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If you’re an Apple Watch Series 4 owner who’s been waiting impatiently to measure your heart rate, good news: Now’s your chance. Apple announced today general availability of electrocardiogram (ECG) monitoring, two months after the feature was first detailed at a press event in September.
“Apple Watch has helped so many people around the world, and we are humbled that it has become such an important part of our customers’ lives,” Jeff Williams, Apple’s chief operating officer, said in a statement. “With the release of these heart features, Apple Watch takes the next step in empowering people with more information about their health.”
An ECG shows the way your heart is beating, displayed in a shape that a clinician or computer can recognize as normal or abnormal. If the shape is consistently close to baseline, you’re in good shape. But if not, it’s time to visit a doctor.
The ECG feature ships in WatchOS 5.1.2 for Watch Series 4 owners in the U.S., and will be available for download today. Additionally, the Apple Watch Series 1, Series 2, and Series 3 now support irregular heartbeat notifications, a feature that occasionally checks wearers’ heart rhythms in the background and shows an alert if an irregular rhythm is detected on five checks over a minimum of 65 minutes.
For the uninitiated, Apple Watch Series 4 has three new heart-monitoring features. One sends a notification if your heart rate is determined to be too low. The second screens for heart rhythm irregularities that appear to be atrial fibrillation (AFib), which is caused by poor blood flow and can increase the risk of cardiovascular conditions such as stroke and heart attack. (With watchOS 5, it intermittently analyzes heart rhythms in the background.) And the third allows you to record electrocardiograms (ECGs) with the Watch’s crown and sapphire glass back.
It’s a quick and painless process. You load up the ECG app, touch your finger to the crown, and wait for the results to appear onscreen.
Recordings take less than 30 seconds and are saved in PDF format for easy exporting, and they can be checked within a connected iPhone’s Health app. (ECG syncing requires iOS 12.1.1.) Apple claims the Apple Watch Series 4 is the first ECG product offered over the counter to consumers and the first of its kind to receive clearance (De Novo classification) from the U.S. Food and Drug Administration.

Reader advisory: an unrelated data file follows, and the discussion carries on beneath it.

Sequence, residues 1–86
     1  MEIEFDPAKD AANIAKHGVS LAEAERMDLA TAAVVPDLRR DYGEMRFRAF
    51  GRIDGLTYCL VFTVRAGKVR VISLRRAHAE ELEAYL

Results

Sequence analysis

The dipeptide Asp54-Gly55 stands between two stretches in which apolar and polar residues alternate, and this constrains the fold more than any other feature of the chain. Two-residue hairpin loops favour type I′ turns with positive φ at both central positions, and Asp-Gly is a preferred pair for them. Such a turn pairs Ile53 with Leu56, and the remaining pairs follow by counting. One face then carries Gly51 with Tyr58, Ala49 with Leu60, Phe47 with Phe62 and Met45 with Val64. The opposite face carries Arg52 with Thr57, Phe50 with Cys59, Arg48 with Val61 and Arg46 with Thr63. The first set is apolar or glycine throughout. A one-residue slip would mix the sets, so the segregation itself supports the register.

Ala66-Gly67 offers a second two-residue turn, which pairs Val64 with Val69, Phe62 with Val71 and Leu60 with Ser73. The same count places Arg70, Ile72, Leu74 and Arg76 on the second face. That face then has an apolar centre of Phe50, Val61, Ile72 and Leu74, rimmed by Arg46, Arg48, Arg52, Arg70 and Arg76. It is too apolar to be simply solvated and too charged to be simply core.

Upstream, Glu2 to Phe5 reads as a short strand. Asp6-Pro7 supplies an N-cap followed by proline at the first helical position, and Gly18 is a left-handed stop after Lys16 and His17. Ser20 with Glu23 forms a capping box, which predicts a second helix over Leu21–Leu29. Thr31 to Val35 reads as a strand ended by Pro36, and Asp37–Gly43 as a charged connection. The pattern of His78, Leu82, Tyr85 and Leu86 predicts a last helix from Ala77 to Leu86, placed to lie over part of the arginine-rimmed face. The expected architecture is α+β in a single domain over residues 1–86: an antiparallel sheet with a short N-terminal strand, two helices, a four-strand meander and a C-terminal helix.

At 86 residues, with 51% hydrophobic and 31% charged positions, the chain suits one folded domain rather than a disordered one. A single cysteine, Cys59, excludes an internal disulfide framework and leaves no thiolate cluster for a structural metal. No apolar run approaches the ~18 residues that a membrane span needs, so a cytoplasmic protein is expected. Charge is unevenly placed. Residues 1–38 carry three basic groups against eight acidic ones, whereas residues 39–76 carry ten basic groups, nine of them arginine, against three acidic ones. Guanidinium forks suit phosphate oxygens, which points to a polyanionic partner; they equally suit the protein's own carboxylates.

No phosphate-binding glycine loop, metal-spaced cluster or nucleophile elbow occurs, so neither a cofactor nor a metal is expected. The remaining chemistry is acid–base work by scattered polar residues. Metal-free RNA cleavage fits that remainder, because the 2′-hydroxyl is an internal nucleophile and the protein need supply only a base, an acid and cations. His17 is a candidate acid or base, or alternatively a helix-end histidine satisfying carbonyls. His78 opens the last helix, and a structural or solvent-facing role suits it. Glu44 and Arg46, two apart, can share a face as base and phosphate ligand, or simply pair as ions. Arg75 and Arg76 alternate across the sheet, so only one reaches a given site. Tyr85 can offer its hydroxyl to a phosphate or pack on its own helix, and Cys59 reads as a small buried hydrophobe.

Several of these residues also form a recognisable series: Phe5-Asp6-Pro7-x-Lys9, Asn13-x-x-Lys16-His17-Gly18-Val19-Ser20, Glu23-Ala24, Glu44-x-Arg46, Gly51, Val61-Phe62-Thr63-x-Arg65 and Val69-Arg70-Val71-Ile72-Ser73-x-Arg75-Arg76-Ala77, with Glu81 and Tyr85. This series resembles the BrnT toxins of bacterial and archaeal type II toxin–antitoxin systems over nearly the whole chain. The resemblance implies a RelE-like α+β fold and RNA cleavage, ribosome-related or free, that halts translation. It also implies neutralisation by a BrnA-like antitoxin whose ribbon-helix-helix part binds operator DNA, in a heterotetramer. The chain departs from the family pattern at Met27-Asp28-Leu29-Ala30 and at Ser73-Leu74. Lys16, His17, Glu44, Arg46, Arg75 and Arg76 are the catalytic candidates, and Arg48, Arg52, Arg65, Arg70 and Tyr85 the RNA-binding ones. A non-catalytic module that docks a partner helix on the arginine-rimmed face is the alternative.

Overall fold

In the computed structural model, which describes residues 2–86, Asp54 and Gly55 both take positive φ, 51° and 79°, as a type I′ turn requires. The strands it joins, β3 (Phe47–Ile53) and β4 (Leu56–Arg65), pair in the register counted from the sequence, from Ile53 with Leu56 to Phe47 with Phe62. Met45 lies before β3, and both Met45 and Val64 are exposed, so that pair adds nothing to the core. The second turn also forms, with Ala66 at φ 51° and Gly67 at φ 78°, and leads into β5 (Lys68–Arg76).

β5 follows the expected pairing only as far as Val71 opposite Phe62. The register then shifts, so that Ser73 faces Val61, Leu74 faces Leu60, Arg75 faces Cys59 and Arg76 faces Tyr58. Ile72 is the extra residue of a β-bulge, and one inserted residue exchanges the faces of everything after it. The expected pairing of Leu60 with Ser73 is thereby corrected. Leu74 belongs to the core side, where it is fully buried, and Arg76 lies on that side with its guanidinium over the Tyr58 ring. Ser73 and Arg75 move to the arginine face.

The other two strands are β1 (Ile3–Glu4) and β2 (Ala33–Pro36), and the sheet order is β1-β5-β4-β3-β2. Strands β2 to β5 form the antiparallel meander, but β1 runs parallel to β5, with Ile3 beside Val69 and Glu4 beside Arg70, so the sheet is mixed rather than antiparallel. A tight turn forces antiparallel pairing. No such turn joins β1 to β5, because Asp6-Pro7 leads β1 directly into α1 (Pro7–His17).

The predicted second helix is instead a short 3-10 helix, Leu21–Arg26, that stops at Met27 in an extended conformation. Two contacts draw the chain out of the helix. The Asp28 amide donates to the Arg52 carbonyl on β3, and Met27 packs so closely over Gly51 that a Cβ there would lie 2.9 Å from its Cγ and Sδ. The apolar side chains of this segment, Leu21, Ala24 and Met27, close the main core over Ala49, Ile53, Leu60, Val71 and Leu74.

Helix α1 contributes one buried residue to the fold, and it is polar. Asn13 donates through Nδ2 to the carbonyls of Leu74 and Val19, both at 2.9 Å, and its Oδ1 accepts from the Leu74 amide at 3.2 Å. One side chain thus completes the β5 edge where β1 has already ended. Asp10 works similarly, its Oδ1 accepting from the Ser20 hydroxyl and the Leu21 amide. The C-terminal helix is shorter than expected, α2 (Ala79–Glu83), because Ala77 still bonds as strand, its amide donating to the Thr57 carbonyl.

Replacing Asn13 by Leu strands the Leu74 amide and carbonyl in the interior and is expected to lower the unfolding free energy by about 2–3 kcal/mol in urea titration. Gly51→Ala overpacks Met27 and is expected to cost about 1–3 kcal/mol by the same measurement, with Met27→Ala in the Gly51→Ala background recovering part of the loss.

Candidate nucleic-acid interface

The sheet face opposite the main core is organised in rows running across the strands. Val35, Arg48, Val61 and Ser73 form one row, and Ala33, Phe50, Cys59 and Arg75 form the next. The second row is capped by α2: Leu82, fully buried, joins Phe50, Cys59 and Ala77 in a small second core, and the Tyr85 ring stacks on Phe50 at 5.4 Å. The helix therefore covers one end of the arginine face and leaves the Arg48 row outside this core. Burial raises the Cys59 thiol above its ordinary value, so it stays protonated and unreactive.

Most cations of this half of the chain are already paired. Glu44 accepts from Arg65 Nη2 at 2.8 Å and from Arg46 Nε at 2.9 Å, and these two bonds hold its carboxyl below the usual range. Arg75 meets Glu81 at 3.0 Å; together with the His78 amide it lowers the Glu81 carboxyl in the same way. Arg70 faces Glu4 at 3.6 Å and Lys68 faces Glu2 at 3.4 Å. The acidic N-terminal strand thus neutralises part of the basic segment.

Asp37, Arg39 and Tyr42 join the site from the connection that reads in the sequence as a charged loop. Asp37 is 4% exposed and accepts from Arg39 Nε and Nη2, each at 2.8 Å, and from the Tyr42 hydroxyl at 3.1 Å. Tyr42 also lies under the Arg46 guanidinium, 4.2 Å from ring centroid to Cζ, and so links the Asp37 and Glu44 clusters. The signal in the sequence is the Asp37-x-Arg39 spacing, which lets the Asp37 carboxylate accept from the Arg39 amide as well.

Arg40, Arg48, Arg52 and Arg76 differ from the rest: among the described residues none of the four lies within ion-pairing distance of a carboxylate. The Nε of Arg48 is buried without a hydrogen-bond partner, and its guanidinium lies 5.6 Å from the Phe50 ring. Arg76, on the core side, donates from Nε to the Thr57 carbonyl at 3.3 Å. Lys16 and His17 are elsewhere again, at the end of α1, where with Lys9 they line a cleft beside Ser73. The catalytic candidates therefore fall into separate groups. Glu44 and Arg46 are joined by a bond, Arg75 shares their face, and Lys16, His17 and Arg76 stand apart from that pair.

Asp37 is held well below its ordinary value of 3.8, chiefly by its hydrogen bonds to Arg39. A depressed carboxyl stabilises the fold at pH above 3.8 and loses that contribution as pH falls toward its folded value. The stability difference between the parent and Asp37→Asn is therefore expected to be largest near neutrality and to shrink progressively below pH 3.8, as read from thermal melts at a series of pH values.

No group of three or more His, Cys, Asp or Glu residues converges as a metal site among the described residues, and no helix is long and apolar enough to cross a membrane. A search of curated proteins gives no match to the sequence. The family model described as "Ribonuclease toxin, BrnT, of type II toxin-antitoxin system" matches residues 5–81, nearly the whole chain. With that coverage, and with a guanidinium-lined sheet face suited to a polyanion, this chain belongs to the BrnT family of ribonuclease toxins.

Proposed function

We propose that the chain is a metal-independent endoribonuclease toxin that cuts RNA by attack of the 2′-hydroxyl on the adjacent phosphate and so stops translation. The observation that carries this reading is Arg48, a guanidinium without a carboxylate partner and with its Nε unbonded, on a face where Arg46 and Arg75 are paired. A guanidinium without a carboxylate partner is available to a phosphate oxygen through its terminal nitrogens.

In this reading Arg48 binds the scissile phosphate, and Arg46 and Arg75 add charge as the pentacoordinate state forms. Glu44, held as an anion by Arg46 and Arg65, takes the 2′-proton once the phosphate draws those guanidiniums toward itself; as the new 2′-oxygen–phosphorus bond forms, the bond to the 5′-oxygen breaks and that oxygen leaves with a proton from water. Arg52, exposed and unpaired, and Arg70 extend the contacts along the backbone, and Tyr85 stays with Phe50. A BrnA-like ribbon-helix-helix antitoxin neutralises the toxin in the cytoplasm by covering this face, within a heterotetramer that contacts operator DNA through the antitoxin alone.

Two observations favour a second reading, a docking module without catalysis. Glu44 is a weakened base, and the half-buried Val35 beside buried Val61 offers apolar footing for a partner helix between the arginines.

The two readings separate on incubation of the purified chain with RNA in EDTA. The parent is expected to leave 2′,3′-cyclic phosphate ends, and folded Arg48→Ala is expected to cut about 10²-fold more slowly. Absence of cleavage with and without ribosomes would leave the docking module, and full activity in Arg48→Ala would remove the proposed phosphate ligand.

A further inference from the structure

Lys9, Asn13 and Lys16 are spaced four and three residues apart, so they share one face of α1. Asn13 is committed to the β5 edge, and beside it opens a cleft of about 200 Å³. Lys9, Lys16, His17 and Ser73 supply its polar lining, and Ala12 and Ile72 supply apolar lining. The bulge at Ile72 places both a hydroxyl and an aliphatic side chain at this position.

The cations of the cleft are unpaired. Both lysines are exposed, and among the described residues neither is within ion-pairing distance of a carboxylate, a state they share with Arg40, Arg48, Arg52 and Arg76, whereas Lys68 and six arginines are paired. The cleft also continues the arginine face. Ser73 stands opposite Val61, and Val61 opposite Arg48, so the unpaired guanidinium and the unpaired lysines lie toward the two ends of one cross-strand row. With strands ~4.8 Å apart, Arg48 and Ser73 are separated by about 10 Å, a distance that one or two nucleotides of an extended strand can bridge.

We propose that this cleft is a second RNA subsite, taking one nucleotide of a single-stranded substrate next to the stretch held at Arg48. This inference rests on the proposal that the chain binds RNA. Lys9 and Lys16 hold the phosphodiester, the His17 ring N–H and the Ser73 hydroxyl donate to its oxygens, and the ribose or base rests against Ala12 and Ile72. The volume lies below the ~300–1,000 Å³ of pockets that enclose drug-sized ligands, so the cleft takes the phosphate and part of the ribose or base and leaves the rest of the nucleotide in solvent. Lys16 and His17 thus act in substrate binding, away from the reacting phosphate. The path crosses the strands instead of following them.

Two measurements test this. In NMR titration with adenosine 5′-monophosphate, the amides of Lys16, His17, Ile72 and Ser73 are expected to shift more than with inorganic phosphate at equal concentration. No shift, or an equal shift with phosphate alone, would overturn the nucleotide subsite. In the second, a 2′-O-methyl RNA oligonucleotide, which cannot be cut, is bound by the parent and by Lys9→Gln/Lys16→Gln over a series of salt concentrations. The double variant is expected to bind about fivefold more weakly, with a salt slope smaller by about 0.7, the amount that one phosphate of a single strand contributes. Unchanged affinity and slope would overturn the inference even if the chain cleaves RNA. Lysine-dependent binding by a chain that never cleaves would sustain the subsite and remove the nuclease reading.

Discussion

It’s not without caveats, of course. ECGs aren’t meant to be taken by people younger than 22 or those who have known heart conditions, the FDA noted in a summary document, and it warns that the Apple Watch Series 4 “is not intended to provide a notification on every episode of irregular rhythm suggestive of AFib, and the absence of a notification is not intended to indicate no disease process is present.”
Apple, for its part, warns that the feature is “not intended to be a diagnostic device or to replace traditional methods of diagnosis” and “should not be used to monitor or track disease state or change medication without first talking to a doctor.”
But the Cupertino company says that in a clinical trial of around 600 people, the ECG app on the Apple Watch demonstrated 98.3 percent sensitivity in classifying AFib and 99.6 percent specificity in classifying sinus rhythm in classifiable recordings. And it says that in the Apple Heart Study — the largest screening study on atrial fibrillation ever conducted, with over 400,000 participants — 80 percent of participants who received an irregular rhythm notification while simultaneously wearing an ECG patch showed AFib on the ECG patch.
FDA chief Scott Gottlieb expressed enthusiasm about the new features earlier this year.
“The FDA worked closely with the company as they developed and tested these software products, which may help millions of users identify health concerns more quickly,” he said in a statement.
The Apple Watch Series 4 retains a photoplethysmography (PPG) sensor, which estimates beats per minute (BPM) by measuring the rate at which green light is absorbed by the blood flowing through your wrist. But ECGs are considered to be more accurate.
As ever, health data collected by the Apple Watch is encrypted on-device and in the cloud.
Early October’s health-related announcements followed news at Apple’s 2018 Worldwide Developers Conference in June, when the company demoed new workout types, improved activity tracking, and automatic workout detection in watchOS 5.
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